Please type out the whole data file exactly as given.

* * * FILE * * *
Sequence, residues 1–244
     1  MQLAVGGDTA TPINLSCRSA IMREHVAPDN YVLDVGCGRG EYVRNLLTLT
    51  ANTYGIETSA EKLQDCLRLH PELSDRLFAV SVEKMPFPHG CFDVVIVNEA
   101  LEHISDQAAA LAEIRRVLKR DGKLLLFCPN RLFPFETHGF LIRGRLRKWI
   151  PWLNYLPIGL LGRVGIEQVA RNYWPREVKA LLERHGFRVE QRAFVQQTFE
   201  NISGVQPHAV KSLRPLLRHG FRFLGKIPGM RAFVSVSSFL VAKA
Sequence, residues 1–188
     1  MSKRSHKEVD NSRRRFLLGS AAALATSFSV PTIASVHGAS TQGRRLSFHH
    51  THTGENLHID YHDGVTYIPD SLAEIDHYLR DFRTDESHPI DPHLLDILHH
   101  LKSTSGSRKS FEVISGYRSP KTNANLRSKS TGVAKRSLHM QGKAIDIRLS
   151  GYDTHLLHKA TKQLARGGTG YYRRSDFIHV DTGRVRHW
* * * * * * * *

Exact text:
Sequence, residues 1–244
     1  MQLAVGGDTA TPINLSCRSA IMREHVAPDN YVLDVGCGRG EYVRNLLTLT
    51  ANTYGIETSA EKLQDCLRLH PELSDRLFAV SVEKMPFPHG CFDVVIVNEA
   101  LEHISDQAAA LAEIRRVLKR DGKLLLFCPN RLFPFETHGF LIRGRLRKWI
   151  PWLNYLPIGL LGRVGIEQVA RNYWPREVKA LLERHGFRVE QRAFVQQTFE
   201  NISGVQPHAV KSLRPLLRHG FRFLGKIPGM RAFVSVSSFL VAKA
Sequence, residues 1–188
     1  MSKRSHKEVD NSRRRFLLGS AAALATSFSV PTIASVHGAS TQGRRLSFHH
    51  THTGENLHID YHDGVTYIPD SLAEIDHYLR DFRTDESHPI DPHLLDILHH
   101  LKSTSGSRKS FEVISGYRSP KTNANLRSKS TGVAKRSLHM QGKAIDIRLS
   151  GYDTHLLHKA TKQLARGGTG YYRRSDFIHV DTGRVRHW